- NWOBHM emerged in the late 1970s as a response to the decline of earlier heavy metal bands, revitalizing the genre with a more aggressive sound.
- Key bands like Iron Maiden and Judas Priest were at the forefront, influencing future metal subgenres with their innovative music and themes.
- Despite its decline by the early 1980s due to the rise of glam metal and changes in the music industry, NWOBHM’s legacy persists in its significant impact on heavy metal’s evolution.
A Time of Change
Late 1970s — the United Kingdom was a nation in transition, grappling with profound economic and social challenges. This period marked a significant shift in the cultural and musical landscape, giving rise to two pivotal movements: the New Wave of British Heavy Metal (NWOBHM) and punk. As the socio-economic turmoil deepened, with high unemployment rates and widespread disillusionment, these musical genres emerged as powerful forms of expression for the youth, reflecting their rebellion against the status quo and their search for identity in a changing world.
The economic downturn of the era, underscored by the OPEC oil crisis and consequent nation-wide strikes, led to a palpable sense of despair and a three-day working week, drastically affecting daily life and the national mood. Amidst this backdrop of economic instability and social unrest, the music scene began to transform. The decline of major heavy metal bands such as Led Zeppelin, Black Sabbath, and Deep Purple created a musical vacuum that cried out for a new direction.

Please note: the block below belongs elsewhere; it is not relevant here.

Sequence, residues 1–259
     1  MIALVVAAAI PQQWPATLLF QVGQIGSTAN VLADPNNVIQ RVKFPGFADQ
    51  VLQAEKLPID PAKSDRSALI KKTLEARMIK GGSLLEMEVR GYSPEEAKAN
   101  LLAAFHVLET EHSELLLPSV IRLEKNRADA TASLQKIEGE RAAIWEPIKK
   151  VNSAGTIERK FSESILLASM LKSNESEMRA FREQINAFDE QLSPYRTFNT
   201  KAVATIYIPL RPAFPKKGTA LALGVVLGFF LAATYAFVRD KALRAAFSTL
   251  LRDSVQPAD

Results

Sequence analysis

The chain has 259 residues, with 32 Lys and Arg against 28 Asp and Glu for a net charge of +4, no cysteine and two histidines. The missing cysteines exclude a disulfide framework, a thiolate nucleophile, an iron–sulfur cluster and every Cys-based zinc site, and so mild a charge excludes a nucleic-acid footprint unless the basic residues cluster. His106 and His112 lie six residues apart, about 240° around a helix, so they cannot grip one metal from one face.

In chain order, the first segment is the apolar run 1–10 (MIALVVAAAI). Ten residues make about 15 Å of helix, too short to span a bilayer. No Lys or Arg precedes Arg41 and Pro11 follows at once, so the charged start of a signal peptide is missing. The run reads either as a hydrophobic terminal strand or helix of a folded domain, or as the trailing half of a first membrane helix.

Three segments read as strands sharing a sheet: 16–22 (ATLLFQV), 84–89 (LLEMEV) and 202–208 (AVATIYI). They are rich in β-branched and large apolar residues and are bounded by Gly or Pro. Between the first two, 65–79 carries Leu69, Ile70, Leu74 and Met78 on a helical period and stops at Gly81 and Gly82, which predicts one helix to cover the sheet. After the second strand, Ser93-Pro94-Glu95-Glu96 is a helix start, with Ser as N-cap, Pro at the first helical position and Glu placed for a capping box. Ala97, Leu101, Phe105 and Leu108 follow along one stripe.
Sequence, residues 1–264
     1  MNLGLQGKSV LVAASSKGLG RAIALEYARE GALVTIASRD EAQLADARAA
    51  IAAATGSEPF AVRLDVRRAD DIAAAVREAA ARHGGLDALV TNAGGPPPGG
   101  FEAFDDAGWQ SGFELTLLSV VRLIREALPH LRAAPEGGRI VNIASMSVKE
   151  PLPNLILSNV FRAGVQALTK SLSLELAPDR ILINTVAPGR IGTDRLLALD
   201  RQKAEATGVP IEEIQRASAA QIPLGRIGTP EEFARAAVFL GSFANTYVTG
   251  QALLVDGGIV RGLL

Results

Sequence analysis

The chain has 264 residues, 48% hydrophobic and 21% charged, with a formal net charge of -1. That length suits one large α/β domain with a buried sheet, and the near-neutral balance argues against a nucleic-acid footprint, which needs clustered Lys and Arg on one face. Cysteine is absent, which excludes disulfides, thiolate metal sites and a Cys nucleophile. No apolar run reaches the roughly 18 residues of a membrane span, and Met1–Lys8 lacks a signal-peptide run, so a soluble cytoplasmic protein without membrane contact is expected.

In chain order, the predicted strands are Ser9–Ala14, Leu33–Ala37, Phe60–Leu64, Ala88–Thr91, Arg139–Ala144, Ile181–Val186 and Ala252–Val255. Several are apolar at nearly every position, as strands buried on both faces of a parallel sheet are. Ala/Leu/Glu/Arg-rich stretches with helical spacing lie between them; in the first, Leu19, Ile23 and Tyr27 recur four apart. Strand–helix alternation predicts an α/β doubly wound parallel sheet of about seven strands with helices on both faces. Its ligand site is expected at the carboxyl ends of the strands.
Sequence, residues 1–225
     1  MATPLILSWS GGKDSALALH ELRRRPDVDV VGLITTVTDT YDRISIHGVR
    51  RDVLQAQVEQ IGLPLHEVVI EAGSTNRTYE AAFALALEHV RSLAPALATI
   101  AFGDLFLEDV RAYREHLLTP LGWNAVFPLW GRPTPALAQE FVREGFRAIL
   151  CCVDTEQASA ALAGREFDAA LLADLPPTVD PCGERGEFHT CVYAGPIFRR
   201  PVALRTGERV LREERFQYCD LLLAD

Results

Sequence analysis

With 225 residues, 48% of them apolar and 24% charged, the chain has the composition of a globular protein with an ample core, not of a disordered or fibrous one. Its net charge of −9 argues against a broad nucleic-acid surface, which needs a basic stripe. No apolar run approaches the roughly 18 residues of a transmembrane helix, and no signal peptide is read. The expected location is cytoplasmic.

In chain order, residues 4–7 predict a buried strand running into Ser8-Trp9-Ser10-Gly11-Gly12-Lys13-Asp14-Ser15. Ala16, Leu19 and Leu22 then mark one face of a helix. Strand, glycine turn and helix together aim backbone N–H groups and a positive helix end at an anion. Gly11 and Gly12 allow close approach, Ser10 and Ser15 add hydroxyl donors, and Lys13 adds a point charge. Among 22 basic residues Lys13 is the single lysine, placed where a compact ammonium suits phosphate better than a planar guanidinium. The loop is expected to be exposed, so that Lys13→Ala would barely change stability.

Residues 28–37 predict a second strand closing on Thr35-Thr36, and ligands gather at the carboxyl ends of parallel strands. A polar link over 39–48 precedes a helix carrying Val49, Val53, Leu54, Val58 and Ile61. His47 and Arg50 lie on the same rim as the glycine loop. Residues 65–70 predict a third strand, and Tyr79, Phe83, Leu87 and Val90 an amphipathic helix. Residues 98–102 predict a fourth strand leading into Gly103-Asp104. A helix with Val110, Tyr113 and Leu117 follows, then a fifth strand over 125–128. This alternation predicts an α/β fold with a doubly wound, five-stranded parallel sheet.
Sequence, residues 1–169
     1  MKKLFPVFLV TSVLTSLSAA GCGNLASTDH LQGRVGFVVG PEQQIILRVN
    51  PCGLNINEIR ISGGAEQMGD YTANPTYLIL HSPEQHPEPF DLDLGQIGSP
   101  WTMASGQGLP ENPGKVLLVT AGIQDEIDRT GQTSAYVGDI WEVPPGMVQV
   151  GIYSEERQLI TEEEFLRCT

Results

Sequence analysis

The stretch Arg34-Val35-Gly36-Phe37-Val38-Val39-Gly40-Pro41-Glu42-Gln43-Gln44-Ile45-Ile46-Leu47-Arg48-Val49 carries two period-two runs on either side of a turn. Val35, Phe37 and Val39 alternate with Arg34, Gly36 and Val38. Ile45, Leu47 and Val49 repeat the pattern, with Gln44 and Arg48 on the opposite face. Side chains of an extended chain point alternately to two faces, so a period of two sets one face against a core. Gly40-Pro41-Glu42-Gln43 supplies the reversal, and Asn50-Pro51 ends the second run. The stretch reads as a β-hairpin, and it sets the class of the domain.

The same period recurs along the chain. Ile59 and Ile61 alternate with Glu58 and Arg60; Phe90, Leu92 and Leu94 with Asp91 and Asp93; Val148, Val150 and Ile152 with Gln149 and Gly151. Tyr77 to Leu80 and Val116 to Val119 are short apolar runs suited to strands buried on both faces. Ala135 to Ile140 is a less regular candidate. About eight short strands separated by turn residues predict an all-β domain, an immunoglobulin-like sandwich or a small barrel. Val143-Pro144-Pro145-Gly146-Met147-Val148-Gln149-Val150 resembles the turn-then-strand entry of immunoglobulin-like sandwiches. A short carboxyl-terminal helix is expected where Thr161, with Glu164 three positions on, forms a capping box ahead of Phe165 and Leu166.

In a time of social and economic upheaval, music became a beacon of hope and defiance.
As NWOBHM and punk emerged, they filled this void, offering fresh sounds and new perspectives. Bands like Iron Maiden, Judas Priest, and Motörhead, with their faster tempos and more aggressive guitar work, revitalized the heavy metal genre. Simultaneously, punk music, with its raw energy and anti-establishment messages, articulated the frustrations and aspirations of a generation keen on challenging authority and societal norms. These movements not only captured the spirit of the times but also paved the way for future musical innovations, influencing countless artists and fans worldwide.
This was a time of significant transformation, both for the music industry and for British society at large. The late 1970s may have been marked by economic strife and social divisions, but they also witnessed the birth of musical movements that would leave an lasting mark on the cultural landscape. The sounds of NWOBHM and punk not only reflected the challenges of the era but also offered a sense of hope and unity, proving that even in the darkest times, music has the power to inspire and bring people together.
A New Wave Defined
The term “New Wave of British Heavy Metal” (NWOBHM) was coined by journalist Geoff Barton in the May 1979 issue of the British music newspaper Sounds. This term was not just a label; it was a declaration of the arrival of a new era in heavy metal.